ST. PETERSBURG - The arrival of the Chihuly Collection in downtown St. Petersburg could spark a new local industry: Glass art. Tampa artist Duncan McClellan is already building a new studio near downtown."The city of St. Pete gets it," McClellan says. "They realize that art makes money."
McClellan credits city officials with going out of their way to make his move successful.
"My project will impact," he claims. "Every dollar I spend will bring seven back to the community, so it's a really good bang for the buck."
The Morean Arts Center opens its 10,000 square foot "Chihuly Collection" the Fourth of July weekend. That is about the same time it will open a "hot shop" on Central Avenue. That will provide a facility where working artists and students will share expensive equipment.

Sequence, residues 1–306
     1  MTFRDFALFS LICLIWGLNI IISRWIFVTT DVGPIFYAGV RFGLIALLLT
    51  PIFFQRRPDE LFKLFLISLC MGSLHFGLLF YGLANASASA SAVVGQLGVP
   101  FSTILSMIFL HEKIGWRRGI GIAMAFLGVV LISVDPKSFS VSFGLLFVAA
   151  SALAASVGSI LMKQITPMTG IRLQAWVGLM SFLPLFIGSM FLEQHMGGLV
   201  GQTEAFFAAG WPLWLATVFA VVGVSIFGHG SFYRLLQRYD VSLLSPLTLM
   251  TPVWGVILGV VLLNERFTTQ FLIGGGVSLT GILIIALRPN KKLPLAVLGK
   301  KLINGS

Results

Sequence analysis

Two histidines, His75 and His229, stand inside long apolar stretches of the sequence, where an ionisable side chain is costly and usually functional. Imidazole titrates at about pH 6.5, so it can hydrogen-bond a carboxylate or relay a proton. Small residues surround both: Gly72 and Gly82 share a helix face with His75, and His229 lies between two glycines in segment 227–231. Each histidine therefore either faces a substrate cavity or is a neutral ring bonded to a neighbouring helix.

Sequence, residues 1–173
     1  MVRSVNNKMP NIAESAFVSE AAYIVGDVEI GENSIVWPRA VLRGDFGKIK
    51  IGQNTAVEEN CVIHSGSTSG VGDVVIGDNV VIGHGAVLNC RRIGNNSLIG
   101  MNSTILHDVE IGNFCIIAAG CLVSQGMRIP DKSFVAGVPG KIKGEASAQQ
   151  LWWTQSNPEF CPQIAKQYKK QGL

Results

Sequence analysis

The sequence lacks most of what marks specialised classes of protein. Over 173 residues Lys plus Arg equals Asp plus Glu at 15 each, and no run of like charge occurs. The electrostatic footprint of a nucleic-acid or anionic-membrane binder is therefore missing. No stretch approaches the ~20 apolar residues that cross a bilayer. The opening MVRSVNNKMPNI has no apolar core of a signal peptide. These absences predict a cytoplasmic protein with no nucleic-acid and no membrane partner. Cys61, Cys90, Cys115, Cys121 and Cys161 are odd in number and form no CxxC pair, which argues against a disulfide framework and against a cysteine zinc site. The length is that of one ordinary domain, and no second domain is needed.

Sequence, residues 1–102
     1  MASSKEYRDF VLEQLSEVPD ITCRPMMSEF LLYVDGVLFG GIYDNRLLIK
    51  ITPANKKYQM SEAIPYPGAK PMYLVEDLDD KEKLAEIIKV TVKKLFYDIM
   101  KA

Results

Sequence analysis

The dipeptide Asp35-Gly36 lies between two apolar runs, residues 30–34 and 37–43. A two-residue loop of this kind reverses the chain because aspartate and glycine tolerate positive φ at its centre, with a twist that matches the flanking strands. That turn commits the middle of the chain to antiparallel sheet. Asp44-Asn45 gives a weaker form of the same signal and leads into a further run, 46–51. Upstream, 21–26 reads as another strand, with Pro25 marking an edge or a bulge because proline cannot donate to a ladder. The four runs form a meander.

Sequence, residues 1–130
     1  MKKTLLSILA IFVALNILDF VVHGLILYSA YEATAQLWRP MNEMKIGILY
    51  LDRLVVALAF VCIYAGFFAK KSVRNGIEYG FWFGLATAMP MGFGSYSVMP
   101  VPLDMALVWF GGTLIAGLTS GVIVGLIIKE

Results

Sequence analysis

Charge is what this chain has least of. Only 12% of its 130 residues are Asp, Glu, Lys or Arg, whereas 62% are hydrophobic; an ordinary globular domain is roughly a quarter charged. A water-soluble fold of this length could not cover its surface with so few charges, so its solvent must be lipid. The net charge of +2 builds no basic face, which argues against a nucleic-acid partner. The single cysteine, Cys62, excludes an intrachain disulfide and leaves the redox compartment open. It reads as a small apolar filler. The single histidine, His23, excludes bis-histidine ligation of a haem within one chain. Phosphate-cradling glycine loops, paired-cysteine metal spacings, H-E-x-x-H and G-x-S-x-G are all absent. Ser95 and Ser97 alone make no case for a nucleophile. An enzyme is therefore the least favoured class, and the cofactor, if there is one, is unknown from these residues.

Visitors will be able to watch daily exhibitions of artists working with hot glass.
"We're basically just starting this whole industry here," says glass artists Owen Patch.
Patch is designing and building the hot shop, which will include seating for at least 60 spectators.
"There's no place else like this in the southeast," Owen says. "This will be truly unique."
The St. Petersburg Clay Company provides an example of successfully growing a local arts community. It started as three or four potters wanting to share the costs of a pottery studio. The Clay Company moved into an historic railroad freight depot and now houses three separate businesses.
The original potters rent space to 30 or 40 other potters, the Morean Arts Center offers classes and another company sells the necessary tools and materials.
Some of the former students are now art professors or full-time artists.
"We have spawned quite a few businesses," co-owner Charlie Parker says.